Sometimes a Secret Isn't a Secret

  |  August 13, 2010   |  Comments

And most of the time, common sense is not so common.

Next Tuesday, August 17, in San Francisco, I will be presenting my 21 Secrets of Top Converting Websites at the Search Engine Strategies conference (part of Connected Marketing Week). Though I won’t share all the secrets in this column in hopes that you’ll catch me at the conference, I do want to share the first one with you.

The first secret of top converting websites is that they communicate a UVP (unique value proposition) or UCP (unique campaign proposition).

Here is a video clip of me presenting the first secret of converting websites.

Now some people may think that everyone knows they should add their value proposition or campaign proposition to each and every landing page and to every Web page on their site. But I promise you that all too often, businesses continue to neglect this simple technique which improves conversion rates time and time again.

Does Everyone Need a Value Proposition?

No brand and virtually no product is universally known or doesn't have a competitor. It helps your visitors get a better sense in the first few seconds of the attention they’ll give you if you can give them a reason to consider you.

One person who watched the video e-mailed me to ask why Google doesn’t use a value proposition. I assured him that Google does, in fact, and has even tested it. Take a look at this Google presentation (check out slide 25) for Google Website Optimizer and you can see how Google leveraged adding a value proposition for its Picasa landing pages and how that was one of the factors that helped boost sign-up conversions for Picasa by 30 percent.

Why Does Every Page Need a Value Proposition?

People are bombarded with sales messages all the time. If you can’t cut through the clutter immediately to offer them something that has obvious value, they’ll be long gone to someone who can.

Nowadays, a lot of prospective customers have very short attention spans and even shorter memories, and they’re jaded.

You must make your value proposition or campaign proposition strong, simple, quick, and clear immediately, when prospects first hit your site. If you don’t have a strong value or campaign proposition and don’t state it clearly right upfront, you’re sending your traffic elsewhere instead of drawing them deeper into your own sales funnel.

What, You Don't Have a Value Proposition?

Creating a unique value or campaign proposition isn't for chumps or poseurs. Your value proposition must be clear, relevant, and easy to understand. Here's a quick, easy process for writing a powerful unique value proposition:

  • Ask your customers what they value most about your product/service/campaign; make a list. Look for strong benefits - not features.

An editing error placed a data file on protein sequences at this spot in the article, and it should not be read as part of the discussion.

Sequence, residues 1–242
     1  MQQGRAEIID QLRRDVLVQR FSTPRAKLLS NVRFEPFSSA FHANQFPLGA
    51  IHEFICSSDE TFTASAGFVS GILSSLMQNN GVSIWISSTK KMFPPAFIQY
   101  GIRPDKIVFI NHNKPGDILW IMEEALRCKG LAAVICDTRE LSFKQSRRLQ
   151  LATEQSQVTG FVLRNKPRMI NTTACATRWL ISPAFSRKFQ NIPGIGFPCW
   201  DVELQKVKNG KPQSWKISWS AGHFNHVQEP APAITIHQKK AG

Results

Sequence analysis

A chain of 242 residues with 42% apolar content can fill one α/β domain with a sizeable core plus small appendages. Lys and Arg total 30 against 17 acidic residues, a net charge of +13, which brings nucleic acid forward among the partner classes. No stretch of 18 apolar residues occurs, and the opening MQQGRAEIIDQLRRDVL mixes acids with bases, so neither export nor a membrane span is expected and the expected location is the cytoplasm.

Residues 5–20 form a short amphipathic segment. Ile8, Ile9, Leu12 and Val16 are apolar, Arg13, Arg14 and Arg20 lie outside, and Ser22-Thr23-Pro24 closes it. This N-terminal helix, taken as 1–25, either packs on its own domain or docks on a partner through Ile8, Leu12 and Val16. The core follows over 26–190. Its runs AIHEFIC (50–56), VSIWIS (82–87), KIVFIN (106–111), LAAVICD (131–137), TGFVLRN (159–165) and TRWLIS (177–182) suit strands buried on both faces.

• On your list, look for repeating themes and list those separately.
  • Hand the list to a good writer. Ask that person to write five to 10 versions of a potential unique value proposition based on the list.
  • Test three to five of the most promising unique value propositions.
  • Pick the best-performing unique value proposition.

How Strong or Unique is Your Value Proposition?

As the online market continues to become more competitive, more fast-paced, and more challenging, make sure you're constantly communicating the uniqueness and value of your products and services...or your competitors will.

Adding a value proposition to every page could just be the secret you were looking for to get a better conversion rate.

So there you have it - secret number one. Go back to your sites and start assessing the value you are offering and communicating to your visitors.

If that secret isn't enough for you, I’d be happy to share the other 20 secrets with you at SES San Fransisco. I hope to see you there!

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ABOUT THE AUTHOR

Bryan Eisenberg

Bryan Eisenberg is coauthor of the Wall Street Journal, Amazon, BusinessWeek, and New York Times bestselling books "Call to Action," "Waiting For Your Cat to Bark?," and "Always Be Testing." Bryan is a professional marketing speaker and has keynoted conferences globally such as SES, Shop.org, Direct Marketing Association, MarketingSherpa, Econsultancy, Webcom, SEM Konferansen Norway, the Canadian Marketing Association, and others. In 2010, Bryan was named a winner of the Direct Marketing Educational Foundation's Rising Stars Awards, which recognizes the most talented professionals 40 years of age or younger in the field of direct/interactive marketing. He is also cofounder and chairman emeritus of the Web Analytics Association. Bryan serves as an advisory board member of SES Conference & Expo, the eMetrics Marketing Optimization Summit, and several venture capital backed companies. He works with his coauthor and brother Jeffrey Eisenberg. You can find them at BryanEisenberg.com.

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